Light on wallet, not on performance

Mar 13 2014, 03:32 IST
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SummaryThe T100 is an ultraportable workhorse

Though a known name among tech enthusiasts, Asus is yet not that popular among general consumers in India. To shed that image, the company has gone into an overdrive, releasing a slew of pocket-friendly but extremely good looking devices. Right from its range of budget-to-premium laptops like the Vivobook, Zenbook and Taichi to its Transformer range of tablets, the company is not keeping any stones unturned to fill every price segment in the market.

The Transformer range of tablets is an initiative on the companys part to bridge the gap between a tablet, netbook and a laptop. The Transformer Book T100 is a Windows 8.1 convertible tablet. This is a new segment that is quickly gaining traction and is expected to become a separate vertical in the tablet segment.

Once unpacked, the T100 does not make heads turn with its glossy back. The deep bluish-black tablet is light at just over 550 grams and compact to hold, however it has a plasticky feel. The device has a 10.1-inch screen, which is a fingerprint magnet. With a HD display measuring 1366 x 768 pixels, I felt the display quality was a bit below satisfaction. Colours did not look vibrant enough. Viewing angles were good though, thanks to the IPS display.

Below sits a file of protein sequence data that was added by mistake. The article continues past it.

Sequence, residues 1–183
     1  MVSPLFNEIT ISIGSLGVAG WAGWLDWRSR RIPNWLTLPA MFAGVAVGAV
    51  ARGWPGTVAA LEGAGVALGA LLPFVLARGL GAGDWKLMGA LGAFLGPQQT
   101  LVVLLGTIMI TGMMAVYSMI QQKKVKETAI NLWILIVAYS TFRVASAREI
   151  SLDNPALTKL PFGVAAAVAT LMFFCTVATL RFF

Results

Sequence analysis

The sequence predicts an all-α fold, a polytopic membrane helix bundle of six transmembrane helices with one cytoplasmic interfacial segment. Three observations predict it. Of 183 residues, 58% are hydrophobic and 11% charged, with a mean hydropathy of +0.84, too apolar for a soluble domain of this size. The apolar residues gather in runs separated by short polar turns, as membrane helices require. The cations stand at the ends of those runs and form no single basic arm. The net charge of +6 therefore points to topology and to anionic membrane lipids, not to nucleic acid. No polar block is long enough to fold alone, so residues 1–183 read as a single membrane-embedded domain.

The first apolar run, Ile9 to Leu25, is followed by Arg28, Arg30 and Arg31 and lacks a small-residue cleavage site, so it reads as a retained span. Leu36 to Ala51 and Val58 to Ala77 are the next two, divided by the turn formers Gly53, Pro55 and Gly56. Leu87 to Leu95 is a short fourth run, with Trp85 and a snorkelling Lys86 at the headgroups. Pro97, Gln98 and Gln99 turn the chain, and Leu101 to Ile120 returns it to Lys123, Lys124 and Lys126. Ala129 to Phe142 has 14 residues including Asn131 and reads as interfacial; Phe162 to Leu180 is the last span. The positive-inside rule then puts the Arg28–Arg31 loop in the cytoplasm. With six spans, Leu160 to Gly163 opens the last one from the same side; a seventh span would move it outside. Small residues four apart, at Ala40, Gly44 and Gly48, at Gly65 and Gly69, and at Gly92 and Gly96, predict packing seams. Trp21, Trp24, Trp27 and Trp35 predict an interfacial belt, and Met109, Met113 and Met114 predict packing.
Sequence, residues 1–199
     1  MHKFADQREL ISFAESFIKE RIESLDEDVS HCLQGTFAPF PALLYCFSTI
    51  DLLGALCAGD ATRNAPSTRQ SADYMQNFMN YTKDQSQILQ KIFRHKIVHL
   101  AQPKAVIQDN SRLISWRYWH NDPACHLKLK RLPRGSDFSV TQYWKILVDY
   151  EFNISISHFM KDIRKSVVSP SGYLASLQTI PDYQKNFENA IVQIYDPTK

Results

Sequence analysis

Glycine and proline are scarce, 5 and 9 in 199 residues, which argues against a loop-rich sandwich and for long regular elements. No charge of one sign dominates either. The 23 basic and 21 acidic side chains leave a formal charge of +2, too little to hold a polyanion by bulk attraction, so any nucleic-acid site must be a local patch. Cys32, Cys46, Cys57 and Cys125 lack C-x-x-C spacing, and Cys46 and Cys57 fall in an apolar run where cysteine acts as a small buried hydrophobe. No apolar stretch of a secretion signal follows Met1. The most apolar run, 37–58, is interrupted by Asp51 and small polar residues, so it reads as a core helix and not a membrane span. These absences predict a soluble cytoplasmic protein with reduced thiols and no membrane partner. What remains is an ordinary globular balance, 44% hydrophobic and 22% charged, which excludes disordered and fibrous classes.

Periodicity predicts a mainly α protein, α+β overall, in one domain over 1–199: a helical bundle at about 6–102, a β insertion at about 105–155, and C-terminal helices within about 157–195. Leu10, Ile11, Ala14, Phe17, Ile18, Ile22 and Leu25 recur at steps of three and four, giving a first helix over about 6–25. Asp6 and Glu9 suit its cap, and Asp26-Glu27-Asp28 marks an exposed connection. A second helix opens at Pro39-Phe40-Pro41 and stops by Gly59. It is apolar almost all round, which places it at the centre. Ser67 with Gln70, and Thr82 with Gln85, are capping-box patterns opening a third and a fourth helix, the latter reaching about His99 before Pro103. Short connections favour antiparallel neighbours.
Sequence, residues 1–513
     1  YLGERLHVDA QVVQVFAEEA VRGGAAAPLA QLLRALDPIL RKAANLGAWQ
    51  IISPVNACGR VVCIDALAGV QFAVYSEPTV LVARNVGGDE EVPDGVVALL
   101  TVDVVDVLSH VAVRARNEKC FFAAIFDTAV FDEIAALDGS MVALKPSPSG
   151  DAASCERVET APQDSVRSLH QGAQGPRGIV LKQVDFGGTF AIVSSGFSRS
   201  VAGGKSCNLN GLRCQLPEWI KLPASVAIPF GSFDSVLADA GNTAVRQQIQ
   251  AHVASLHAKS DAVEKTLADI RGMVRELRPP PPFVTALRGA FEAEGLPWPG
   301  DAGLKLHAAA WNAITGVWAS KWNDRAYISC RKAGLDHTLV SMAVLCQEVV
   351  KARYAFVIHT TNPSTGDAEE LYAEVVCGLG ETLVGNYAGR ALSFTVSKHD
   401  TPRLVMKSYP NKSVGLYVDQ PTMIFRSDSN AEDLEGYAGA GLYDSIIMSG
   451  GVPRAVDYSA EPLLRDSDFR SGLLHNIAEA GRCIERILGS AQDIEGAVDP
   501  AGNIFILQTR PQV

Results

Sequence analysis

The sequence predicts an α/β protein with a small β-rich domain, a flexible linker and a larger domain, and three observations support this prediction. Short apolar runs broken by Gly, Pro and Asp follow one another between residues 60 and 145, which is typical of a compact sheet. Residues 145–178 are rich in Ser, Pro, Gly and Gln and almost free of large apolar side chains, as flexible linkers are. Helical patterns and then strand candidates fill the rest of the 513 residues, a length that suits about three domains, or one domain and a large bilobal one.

But where the tablet scores is the detachable keyboard that comes along. It is not a full sized keyboard with the weight same as the tablet itself, and lacks light indicators of any kind. Attached with a USB port, the keys could feel too small for someone with thicker fingers and the small built-in touchpad isnt very responsive. Considering that the T100 is a tablet that has been priced attractively, including a keyboard is still a very smart move, and will definitely help Asus stand in better stead compared to the Acer Iconia and Dell Venue tablets, both of which lack keyboards.

Powered by an Intel Atom quad-core processor, the T100 is extremely fast. Whether its multitasking between apps, documents, browser or quickly switching from the Metro user interface to the desktop mode, the tablet responds well.

The T100 comes loaded with the Windows Home and Student Edition, which should definitely please professionals who want a lighter device to work on their documents, spreadsheets or presentations. However, one has to purchase the license separately from the Microsoft store, which was a let down. The Acer Iconia W4-820, a competitor to this device, had an active

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